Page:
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Arroz Nero

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Squid ink is a curious substance. Used by the squid primarily as a “smoke screen” to escape from predators, it’s dense blackness lends a dramatic colour and subtle flavour of the sea to traditional recipes of Spain and Italy where it is added to both rice dishes and pasta dough.

The squid I cleaned recently to make Indonesian squid curry came with ink sacks intact. Excited by the memory of black paella I’d eaten in Spain, I carefully cut them away from the body and popped them into the freezer for future use.

Preparing to make this dish required some research. I regularly make a delicious traditional style paella, but I suspected a more subtle approach was needed for arroz negro. Claudia Roden to the rescue! Hidden in her tome “The Food of Spain,” is a black rice recipe featuring squid ink, wine, seafood stock and baby squid, a simple tribute to the sea.

The quality of your stock and wine you choose are important with this dish. The squid ink may look dramatic, but the flavour of your arroz negro is dependant on the quality of the supporting ingredients.

Squid ink like beetroot seems to spread itself far and wide in the kitchen, but never fear it cleans up easily with warm soapy water. Rest assured that ink will not stain your hands or cookware!

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2 large sacs of squid ink or 2x4g sachets
2 sticks of celery finely chopped
1 heaped teaspoon smoked Spanish paprika (pimenton)
3 cloves garlic, finely chopped
2 large tomatoes finely chopped
2 spring onions, finely chopped
3 tablespoons olive oil
1 1/2 cups Calasparra rice
125 mls dry white wine
600 mls seafood stock
200g cleaned squid pieces
Juice of 1/2 lemon
Handful fresh parsley, finely chopped

Squeeze the squid ink from its teardrop shaped sac by laying it on a plate, holding it firmly by the membranes along the sides and running the back of a knife along the length from the wide to the narrow end. Repeat a couple of times to be sure you have extruded it all. Discard the sacs.
Pour a little warm stock onto the plate to dissolve the ink.
Heat the oil in a medium pan, then sauté the celery and spring onion until translucent.
Add the rice, paprika and thyme and continue cooking over a medium heat until the rice is golden.
Add the wine, stir it through the rice, then add the tomatoes, squid ink, stock and garlic.
Thoroughly stir to combine, bring to the boil, cover the pan and reduce the heat to the lowest possible setting and steam the rice for 10 minutes.
Turn off the heat, and allow the pan to rest for a further 10 minutes.
Using a sharp knife, score the inside surface of your squid closely in diagonal criss cross pattern.
Heat a pan, add a small amount of oil and quickly fry the squid for a about 2 minutes. Drain on paper towels.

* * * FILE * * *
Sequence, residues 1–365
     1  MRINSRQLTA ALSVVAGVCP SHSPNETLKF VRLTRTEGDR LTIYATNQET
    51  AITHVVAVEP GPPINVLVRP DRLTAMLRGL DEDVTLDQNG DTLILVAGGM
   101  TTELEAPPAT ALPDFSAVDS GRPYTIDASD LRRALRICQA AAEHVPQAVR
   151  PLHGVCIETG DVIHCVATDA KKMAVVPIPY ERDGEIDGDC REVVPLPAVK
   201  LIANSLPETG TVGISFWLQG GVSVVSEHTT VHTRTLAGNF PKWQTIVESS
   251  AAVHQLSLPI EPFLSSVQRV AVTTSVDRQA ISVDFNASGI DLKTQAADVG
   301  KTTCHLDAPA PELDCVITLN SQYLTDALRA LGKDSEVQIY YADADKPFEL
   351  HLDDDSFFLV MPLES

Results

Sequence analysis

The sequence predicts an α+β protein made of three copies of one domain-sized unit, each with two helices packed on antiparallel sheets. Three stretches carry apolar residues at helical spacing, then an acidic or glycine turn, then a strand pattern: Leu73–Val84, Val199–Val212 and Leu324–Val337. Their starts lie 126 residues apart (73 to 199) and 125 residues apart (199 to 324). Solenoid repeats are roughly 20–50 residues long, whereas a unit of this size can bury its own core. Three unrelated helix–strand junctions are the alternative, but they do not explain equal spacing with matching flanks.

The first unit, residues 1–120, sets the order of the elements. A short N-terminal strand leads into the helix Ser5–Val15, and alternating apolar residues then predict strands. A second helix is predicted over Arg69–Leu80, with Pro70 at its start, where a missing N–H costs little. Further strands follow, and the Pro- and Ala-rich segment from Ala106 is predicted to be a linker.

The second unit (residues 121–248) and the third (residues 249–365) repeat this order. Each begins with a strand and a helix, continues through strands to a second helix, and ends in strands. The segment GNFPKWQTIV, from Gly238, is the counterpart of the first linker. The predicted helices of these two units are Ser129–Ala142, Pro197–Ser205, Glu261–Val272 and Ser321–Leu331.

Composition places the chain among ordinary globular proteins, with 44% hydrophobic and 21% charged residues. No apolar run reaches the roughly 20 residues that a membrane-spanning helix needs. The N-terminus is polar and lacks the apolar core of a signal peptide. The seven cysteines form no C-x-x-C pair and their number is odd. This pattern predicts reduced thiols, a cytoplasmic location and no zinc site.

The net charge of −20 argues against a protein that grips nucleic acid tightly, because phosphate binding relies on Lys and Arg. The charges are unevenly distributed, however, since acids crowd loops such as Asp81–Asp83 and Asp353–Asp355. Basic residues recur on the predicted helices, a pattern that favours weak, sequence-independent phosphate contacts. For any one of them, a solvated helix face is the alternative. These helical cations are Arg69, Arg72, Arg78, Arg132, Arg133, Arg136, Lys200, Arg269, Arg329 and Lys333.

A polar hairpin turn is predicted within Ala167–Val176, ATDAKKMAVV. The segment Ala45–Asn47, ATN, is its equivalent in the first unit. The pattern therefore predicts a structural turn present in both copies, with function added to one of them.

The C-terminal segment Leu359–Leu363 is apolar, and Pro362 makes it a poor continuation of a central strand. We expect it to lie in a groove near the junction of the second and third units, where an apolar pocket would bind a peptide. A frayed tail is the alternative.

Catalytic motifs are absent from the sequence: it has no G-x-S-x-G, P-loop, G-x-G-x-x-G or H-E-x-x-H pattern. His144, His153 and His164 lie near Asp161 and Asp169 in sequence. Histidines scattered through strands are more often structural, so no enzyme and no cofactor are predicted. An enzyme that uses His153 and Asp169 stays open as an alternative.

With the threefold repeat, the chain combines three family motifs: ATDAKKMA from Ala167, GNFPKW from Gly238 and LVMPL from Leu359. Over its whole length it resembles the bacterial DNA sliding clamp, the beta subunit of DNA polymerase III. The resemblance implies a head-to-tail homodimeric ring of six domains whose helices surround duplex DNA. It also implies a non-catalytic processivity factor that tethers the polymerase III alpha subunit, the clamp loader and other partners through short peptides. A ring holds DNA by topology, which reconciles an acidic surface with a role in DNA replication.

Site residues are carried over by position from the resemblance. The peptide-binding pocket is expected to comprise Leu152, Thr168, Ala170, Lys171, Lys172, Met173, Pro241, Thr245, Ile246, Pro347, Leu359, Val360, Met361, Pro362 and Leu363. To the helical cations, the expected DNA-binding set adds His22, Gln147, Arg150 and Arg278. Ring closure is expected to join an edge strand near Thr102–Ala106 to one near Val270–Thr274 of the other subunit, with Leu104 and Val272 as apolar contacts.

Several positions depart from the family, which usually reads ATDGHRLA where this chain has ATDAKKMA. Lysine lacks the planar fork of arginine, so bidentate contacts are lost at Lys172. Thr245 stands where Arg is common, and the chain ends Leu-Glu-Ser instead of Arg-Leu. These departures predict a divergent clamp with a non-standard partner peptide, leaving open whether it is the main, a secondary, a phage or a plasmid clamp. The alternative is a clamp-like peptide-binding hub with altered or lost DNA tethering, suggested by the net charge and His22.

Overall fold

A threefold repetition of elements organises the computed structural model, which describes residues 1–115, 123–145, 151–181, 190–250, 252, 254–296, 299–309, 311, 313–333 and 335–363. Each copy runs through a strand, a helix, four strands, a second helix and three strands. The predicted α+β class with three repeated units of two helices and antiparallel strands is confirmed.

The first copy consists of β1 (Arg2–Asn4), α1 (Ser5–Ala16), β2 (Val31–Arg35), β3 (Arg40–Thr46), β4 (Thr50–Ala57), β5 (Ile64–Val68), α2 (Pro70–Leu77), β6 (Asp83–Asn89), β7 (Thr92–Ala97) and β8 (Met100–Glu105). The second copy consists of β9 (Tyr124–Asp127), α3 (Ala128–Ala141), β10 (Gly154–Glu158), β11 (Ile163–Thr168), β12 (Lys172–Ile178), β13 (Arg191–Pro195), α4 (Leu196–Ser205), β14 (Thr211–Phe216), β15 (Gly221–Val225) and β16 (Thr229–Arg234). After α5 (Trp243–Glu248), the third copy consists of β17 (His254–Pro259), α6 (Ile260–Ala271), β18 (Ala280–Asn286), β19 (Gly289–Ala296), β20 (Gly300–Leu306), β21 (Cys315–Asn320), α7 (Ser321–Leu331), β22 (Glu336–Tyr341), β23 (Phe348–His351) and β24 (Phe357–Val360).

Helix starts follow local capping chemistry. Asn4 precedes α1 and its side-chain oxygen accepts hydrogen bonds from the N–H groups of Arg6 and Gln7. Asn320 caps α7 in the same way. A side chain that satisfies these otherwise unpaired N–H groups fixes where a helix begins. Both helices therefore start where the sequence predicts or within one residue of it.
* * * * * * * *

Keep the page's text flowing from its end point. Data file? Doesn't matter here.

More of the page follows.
Add the parsley and lemon juice to the rice and season to taste with sea salt and pepper. Stir the seasoning through with a fork.
Serve topped with fried squid.
Serves 3-4

About ladyredspecs

I live in sunny Brisbane, Australia. My love of good food drives me as a cook, a reader, a traveller, an artist and but mostly as an eater. I cooked professionally for many years but have no formal training. Simply guided by a love of eating good food, respect for ingredients and an abhorrence of artificial additives, I cook instinctively applying the technical know how acquired by experience. I hope you enjoy what I share Sandra AKA ladyredspecs

28 comments on “Arroz Nero

  1. Dolly Rubiano
    April 12, 2014

    I’m a sucker for squid-ink recipes. This is a good one! Good on you for garnishing it with something green. That was what I missed in my stuffed squid photo.

    Like

    • ladyredspecs
      April 12, 2014

      I worked for a woman who insisted on garnishing everything savoury with parsley. She drove me insane, but I did learn the merit of using some green stuff to visually lift the dish.

      Like

  2. recetasbonappetit
    March 17, 2014

    Qué receta más autentica…
    Seguro que con un sabor espectacular.
    Felicidades por tu trabajo.
    Saludos.

    Like

  3. Saskia (1=2)
    March 15, 2014

    Wow. That’s an incredible-sounding recipe. Your paella looks seriously good, and I love your photo with the seaside backdrop. The red bowl and pitch black paella looks fabulous and so dramatic!
    I’ve squirreled away many unusual food items in our freezer over the years, but never ink sacks! Love it.
    We enjoyed fresh cuttlefish on the BBQ a couple of weeks ago – so funny seeing the kids running around with black lipstick on!

    Like

    • ladyredspecs
      March 15, 2014

      Thanks Saskia. The flavour of the ink is quite subtle, but visually stunning. I only ever buy squid fresh, uncleaned and this was the first time ever the sacs had been in tact, I was very happy!